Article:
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Charlotte Mew (Charlotte Mary Mew) Biography

(1869–1928), (Charlotte Mary Mew), The Yellow Book, The Farmer's Bride, The Rambling Sailor

poet poems story short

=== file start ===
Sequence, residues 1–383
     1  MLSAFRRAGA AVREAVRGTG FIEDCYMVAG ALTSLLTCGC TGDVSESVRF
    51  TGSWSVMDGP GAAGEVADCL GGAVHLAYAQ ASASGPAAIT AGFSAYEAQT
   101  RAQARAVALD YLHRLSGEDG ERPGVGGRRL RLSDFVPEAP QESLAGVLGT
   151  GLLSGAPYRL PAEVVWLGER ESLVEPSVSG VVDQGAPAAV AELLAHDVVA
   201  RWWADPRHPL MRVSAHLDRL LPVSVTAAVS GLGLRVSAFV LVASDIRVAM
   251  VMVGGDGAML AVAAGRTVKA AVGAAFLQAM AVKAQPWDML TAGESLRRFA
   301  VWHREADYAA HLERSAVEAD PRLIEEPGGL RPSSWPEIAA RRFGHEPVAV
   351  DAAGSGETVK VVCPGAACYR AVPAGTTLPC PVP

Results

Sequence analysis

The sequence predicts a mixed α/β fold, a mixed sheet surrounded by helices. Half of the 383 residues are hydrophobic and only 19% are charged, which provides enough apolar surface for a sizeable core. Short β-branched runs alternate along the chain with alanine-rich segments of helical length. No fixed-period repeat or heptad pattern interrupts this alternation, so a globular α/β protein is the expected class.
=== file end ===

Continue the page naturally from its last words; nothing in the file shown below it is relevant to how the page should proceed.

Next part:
British poet and short-story writer, born in Bloomsbury; she attended lectures at University College, London. Following the appearance in 1894 of her story ‘Passed’ in The Yellow Book, she contributed poems and stories to numerous periodicals. The Farmer's Bride (1915), her first collection of poetry, displayed the austerely lyrical tone and preoccupation with torment and grief that characterize much of her verse. Her recurrent treatments of mental imbalance, of which ‘On the Asylum Road’ is a memorable example, have a disquieting intensity related to the fact that she had a brother and a sister who were confined in private asylums. She killed herself in a London nursing home, fearing that the breakdown she had undergone following the deaths of her mother and one of her sisters marked the advent of insanity. A second volume of poetry, The Rambling Sailor, appeared in 1929, the title poem typifying the curious and imaginative effects she achieved through her idiosyncratic adaptations of traditional forms. Hilda Doolittle and Virginia Woolf were among her admirers; Hardy believed her to be unquestionably the best woman poet of her day and, with the support of De La Mare and Masefield, obtained a Civil List pension for her in 1923. Her skilfully structured short stories are notable for their sustained concern with women's attitudes and experiences. V. Warner's edition of Collected Poems and Prose appeared in 1981; Charlotte Mew and Her Friends, by Penelope Fitzgerald, was published in 1984.

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